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Cytology and Histology

Ultrastructure of Cells of Ulmus americana Cultured in Vitro and Exposed to the Culture Filtrate of Ceratocystis ulmi. Paula M. Pijut, Department of Horticulture, The Ohio State University, Columbus 43210, Present address: USDA-Forest Service, North Central Forest Experiment Station, 1992 Folwell Ave., St. Paul, MN 55108; R. Daniel Lineberger(2), Subhash C. Domir(3), Jann M. Ichida(4), and Charles R. Krause(5). (2)Department of Horticulture, The Ohio State University, Columbus 43210, Present address: Department of Horticulture, Clemson University, Clemson, SC 29634; (3)(4)(5)USDA-ARS, Nursery Crops Research Laboratory, Delaware, OH 43015. Phytopathology 80:764-767. Accepted for publication 12 February 1990. This article is in the public domain and not copyrightable. It may be freely reprinted with customary crediting of the source. The American Phytopathological Society, 1990. DOI: 10.1094/Phyto-80-764.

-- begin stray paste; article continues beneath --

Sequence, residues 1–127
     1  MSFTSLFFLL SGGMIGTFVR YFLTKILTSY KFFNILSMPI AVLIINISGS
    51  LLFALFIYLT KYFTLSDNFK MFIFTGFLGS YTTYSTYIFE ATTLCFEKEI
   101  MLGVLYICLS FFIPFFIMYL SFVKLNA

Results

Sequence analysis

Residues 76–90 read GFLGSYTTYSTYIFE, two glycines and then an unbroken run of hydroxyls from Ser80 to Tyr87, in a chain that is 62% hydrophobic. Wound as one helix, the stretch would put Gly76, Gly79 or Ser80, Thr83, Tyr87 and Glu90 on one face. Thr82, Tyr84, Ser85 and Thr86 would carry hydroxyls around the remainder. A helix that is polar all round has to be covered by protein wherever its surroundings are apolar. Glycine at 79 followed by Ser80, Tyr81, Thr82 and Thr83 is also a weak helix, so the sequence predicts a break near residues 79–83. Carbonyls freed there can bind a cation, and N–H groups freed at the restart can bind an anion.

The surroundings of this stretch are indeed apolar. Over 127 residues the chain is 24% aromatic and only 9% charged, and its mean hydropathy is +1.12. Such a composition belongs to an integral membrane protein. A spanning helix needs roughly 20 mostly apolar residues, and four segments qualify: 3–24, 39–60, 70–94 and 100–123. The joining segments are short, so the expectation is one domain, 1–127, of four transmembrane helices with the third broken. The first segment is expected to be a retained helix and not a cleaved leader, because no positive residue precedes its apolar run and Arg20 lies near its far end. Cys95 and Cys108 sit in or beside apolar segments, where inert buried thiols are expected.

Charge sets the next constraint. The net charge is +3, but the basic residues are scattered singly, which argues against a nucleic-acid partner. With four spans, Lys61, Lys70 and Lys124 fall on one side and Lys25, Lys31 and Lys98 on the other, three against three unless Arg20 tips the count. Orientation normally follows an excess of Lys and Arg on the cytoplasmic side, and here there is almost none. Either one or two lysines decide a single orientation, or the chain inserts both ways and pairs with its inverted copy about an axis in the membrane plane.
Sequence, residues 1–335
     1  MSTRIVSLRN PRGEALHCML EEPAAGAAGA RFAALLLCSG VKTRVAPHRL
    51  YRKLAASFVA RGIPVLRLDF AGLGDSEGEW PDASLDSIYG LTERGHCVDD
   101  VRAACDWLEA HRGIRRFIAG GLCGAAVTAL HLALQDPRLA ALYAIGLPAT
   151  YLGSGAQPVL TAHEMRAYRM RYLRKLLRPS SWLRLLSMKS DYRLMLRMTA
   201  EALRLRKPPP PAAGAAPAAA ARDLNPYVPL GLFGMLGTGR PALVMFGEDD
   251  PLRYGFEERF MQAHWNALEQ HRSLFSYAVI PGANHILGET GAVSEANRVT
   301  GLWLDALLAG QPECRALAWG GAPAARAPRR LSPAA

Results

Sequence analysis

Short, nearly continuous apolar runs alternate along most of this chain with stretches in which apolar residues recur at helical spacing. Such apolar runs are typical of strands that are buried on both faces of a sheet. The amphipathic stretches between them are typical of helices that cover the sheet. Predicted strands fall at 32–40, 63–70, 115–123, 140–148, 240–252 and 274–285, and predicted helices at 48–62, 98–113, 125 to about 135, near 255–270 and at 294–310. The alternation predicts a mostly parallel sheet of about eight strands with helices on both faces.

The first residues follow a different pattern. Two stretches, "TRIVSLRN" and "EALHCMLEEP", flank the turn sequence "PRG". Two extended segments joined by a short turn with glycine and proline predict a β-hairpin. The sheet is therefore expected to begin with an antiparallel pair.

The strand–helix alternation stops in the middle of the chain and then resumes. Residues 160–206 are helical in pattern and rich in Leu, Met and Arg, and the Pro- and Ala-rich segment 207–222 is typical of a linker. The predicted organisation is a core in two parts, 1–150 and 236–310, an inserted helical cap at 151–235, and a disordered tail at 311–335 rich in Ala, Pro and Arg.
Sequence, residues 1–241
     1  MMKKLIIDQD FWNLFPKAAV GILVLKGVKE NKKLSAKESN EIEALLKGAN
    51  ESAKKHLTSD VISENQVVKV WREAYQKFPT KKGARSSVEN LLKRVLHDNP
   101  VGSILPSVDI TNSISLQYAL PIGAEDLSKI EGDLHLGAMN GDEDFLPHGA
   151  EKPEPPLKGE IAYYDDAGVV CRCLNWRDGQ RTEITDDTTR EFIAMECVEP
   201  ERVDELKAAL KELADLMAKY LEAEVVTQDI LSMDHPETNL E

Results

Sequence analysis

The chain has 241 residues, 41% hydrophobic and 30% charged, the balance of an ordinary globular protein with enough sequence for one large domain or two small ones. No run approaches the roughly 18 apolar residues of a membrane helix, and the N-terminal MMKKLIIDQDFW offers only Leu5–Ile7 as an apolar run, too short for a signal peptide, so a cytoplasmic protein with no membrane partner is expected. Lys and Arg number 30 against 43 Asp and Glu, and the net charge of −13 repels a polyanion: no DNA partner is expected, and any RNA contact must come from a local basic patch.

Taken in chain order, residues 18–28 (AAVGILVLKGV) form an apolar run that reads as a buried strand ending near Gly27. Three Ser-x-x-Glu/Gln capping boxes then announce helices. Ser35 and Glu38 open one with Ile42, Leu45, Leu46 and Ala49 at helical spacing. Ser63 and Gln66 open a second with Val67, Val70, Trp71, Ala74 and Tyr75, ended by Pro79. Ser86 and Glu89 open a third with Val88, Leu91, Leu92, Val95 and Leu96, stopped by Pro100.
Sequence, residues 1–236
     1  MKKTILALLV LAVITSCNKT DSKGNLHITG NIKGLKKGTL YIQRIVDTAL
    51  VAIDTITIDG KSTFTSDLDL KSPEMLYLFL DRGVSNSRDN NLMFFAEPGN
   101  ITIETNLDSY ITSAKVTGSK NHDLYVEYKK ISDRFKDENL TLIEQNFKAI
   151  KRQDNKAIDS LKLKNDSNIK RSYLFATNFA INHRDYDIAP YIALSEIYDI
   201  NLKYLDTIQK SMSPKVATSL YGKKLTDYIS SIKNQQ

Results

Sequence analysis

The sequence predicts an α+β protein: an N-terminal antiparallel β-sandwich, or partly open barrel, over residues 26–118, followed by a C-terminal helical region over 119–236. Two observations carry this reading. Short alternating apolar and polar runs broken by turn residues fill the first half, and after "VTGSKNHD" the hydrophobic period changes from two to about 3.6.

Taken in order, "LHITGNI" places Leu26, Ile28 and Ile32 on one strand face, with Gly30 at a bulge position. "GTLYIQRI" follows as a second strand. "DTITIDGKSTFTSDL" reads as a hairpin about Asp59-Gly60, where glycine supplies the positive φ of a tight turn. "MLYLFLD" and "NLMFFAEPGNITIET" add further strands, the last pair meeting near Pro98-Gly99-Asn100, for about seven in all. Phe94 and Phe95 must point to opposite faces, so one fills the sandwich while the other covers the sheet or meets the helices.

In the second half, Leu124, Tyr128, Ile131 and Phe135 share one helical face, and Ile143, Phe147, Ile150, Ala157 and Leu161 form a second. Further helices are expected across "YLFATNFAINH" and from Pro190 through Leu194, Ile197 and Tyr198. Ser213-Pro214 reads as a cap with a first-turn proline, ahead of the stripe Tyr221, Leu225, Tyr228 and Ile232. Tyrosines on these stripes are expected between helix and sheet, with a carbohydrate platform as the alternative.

Calli of American elm susceptible and resistant to Dutch elm disease were exposed to a culture filtrate of a pathogenic isolate of Ceratocystis ulmi. Cells from untreated tissue exhibited typical internal composition associated with healthy, actively growing cells. All cells exposed to culture filtrate showed appreciable ultrastructural changes. Cells from susceptible American elm displayed mitochondrial and cytoplasmic disruption. Damage to membranes was evident by the appearance of incomplete cell walls and distinctive plasmolysis. Cells of the resistant American elm differed dramatically with the presence and accumulation of phenoliclike deposits. The response seen with the resistant elm could be associated with a defensive mechanism against toxic metabolites of C. ulmi.